They weren't ready when the first Zerglings burst through the cracked clay of Copperhead Road. A dozen dog-sized creatures, insectile and chitinous horrors, leapt right out of the ground and onto the unsuspecting townspeople. Eiy'ra Haiz leapt from his vantage point as three of the beasts swarmed onto an unfortunate marine, knocking the heavily armoured figure to the ground.

He produced two blades made of pure psionic energy - shimmering in a fizzing blue light as they emerged from his arms like claws. Like a bolt of lightning, he dove from the sky and skewered two of the Zerglings instantly. He kicked the third from the prone marine and drove a crackling blade deep into its unprotected underbelly. The beast squealed as it died – the thin, reedy sound rising above the panicked sounds of gunfire.

The sound quickly faded, and Eiy'ra Haiz looked around as silence began to settle once more. The creatures had been killed. Sobs began to rise to fill the silence - two children knelt above the still, bloody body of their mother. No-one moved forward in comfort: all were pole-axed by the suddenness of the assault.

Eiy'ra Haiz reached out a hand to the floored marine, pulling the powered suit of armour to its feet. It weighed a tonne – but was able to rise mostly under its own mechanised power. The orange helmet visor flicked open, revealing a human face buried beneath the metal. A round, female face grinned at him – purple hair plastered to her head with sweat.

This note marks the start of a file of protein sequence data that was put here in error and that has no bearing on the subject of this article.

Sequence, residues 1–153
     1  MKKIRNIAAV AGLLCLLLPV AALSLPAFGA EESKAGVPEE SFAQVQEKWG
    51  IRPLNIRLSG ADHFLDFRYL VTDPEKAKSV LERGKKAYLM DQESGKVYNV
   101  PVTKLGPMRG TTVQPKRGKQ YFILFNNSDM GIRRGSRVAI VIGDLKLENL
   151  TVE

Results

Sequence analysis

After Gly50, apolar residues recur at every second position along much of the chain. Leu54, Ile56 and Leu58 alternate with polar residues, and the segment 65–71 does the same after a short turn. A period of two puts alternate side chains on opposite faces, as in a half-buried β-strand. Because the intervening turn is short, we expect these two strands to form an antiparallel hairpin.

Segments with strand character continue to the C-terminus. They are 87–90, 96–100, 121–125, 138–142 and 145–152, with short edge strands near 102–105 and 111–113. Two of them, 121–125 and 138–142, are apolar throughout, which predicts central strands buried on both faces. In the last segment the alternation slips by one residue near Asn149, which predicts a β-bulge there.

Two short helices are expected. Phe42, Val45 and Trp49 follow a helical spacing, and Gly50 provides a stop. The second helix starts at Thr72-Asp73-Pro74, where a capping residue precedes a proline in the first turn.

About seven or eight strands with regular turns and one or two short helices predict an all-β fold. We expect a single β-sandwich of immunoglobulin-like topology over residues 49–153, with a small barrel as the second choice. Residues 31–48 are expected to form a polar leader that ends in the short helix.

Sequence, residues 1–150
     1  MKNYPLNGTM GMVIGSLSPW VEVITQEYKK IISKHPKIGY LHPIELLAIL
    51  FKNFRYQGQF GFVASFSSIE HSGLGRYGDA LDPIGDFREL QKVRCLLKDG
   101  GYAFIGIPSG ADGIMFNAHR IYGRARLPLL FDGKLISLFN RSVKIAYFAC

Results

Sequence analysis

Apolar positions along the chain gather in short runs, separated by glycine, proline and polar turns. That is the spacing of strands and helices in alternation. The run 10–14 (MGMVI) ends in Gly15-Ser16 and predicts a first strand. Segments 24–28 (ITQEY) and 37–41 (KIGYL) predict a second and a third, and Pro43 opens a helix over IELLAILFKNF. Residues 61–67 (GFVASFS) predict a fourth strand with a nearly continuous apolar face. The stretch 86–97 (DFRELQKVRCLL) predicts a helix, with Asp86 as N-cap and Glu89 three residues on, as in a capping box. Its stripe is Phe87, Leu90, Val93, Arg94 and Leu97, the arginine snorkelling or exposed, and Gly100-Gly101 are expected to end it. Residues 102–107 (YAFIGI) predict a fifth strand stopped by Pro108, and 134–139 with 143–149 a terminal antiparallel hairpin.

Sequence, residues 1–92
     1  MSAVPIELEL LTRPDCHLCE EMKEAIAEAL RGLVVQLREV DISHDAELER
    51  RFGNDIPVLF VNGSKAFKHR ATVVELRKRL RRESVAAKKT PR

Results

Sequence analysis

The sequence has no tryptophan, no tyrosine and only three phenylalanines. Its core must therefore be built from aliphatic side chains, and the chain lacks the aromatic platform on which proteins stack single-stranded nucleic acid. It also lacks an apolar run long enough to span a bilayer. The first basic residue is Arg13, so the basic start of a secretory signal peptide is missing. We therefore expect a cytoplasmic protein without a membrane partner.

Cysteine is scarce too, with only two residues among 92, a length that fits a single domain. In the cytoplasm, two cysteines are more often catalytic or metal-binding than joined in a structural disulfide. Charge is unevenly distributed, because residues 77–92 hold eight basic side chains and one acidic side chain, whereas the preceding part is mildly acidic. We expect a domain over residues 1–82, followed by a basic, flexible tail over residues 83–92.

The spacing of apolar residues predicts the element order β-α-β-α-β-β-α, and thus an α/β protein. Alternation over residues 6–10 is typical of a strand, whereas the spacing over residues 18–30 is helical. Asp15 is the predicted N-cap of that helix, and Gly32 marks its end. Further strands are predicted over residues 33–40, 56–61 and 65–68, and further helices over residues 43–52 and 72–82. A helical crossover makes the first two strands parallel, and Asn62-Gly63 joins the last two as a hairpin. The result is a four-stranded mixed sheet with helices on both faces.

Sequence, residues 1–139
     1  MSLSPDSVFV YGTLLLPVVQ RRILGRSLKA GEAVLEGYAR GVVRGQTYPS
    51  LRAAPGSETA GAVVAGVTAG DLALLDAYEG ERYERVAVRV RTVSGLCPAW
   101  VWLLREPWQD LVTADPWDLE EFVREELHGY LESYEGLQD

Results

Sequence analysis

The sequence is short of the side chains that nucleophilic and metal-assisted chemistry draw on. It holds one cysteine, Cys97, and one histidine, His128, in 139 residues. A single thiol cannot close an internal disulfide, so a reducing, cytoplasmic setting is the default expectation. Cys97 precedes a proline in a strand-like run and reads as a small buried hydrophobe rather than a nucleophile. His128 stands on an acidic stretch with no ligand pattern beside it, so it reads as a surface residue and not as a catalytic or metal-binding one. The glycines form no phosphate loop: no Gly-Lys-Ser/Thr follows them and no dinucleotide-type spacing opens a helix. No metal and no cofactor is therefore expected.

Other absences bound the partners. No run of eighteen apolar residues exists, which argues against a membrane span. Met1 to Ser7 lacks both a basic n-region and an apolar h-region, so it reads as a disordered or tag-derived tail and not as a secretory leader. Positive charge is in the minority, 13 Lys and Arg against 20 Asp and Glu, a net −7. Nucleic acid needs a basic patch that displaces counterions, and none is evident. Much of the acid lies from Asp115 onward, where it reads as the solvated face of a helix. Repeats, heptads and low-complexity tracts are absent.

"Thanks, Darlin'," the marine drawled. "I'm Rita Ballou, and it looks like I owe ya a drink."

More Zerg come, Rita Ballou, the Protoss broadcast in response. Prepare yourself.

"Got time to tell me your name, Honey?"

Eiy'ra Haiz. You must protect these people.

The helmet visor clicked shut, hiding Rita's smile.

"I'll see you in the 'Moon, Ira."

Moments later, the duty Sergeant burst from the barracks, barking orders. Marines flocked to him and set up defensive positions across the street. Shaking her head melodramatically, Rita balanced her rifle on a shoulder and slowly walked into position.